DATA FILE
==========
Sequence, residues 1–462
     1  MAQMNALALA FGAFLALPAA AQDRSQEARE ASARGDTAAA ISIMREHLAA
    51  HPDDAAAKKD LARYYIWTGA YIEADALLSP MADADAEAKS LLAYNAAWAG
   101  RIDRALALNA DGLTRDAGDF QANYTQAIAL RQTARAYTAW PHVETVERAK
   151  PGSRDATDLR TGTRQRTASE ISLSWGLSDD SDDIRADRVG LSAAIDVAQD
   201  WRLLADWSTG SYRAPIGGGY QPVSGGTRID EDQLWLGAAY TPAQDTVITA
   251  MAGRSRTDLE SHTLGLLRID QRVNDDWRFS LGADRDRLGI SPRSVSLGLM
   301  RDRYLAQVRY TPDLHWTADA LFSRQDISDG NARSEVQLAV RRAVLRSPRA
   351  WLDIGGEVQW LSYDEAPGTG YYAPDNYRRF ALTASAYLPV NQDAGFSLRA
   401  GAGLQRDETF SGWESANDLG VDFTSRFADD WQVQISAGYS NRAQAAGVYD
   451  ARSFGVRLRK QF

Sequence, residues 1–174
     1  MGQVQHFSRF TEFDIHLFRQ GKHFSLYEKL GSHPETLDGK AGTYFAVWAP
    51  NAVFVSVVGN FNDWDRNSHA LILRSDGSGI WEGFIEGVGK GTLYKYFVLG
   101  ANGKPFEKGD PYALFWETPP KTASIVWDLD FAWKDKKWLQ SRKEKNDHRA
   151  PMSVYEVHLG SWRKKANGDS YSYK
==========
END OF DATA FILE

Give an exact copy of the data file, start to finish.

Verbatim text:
Sequence, residues 1–462
     1  MAQMNALALA FGAFLALPAA AQDRSQEARE ASARGDTAAA ISIMREHLAA
    51  HPDDAAAKKD LARYYIWTGA YIEADALLSP MADADAEAKS LLAYNAAWAG
   101  RIDRALALNA DGLTRDAGDF QANYTQAIAL RQTARAYTAW PHVETVERAK
   151  PGSRDATDLR TGTRQRTASE ISLSWGLSDD SDDIRADRVG LSAAIDVAQD
   201  WRLLADWSTG SYRAPIGGGY QPVSGGTRID EDQLWLGAAY TPAQDTVITA
   251  MAGRSRTDLE SHTLGLLRID QRVNDDWRFS LGADRDRLGI SPRSVSLGLM
   301  RDRYLAQVRY TPDLHWTADA LFSRQDISDG NARSEVQLAV RRAVLRSPRA
   351  WLDIGGEVQW LSYDEAPGTG YYAPDNYRRF ALTASAYLPV NQDAGFSLRA
   401  GAGLQRDETF SGWESANDLG VDFTSRFADD WQVQISAGYS NRAQAAGVYD
   451  ARSFGVRLRK QF

Sequence, residues 1–174
     1  MGQVQHFSRF TEFDIHLFRQ GKHFSLYEKL GSHPETLDGK AGTYFAVWAP
    51  NAVFVSVVGN FNDWDRNSHA LILRSDGSGI WEGFIEGVGK GTLYKYFVLG
   101  ANGKPFEKGD PYALFWETPP KTASIVWDLD FAWKDKKWLQ SRKEKNDHRA
   151  PMSVYEVHLG SWRKKANGDS YSYK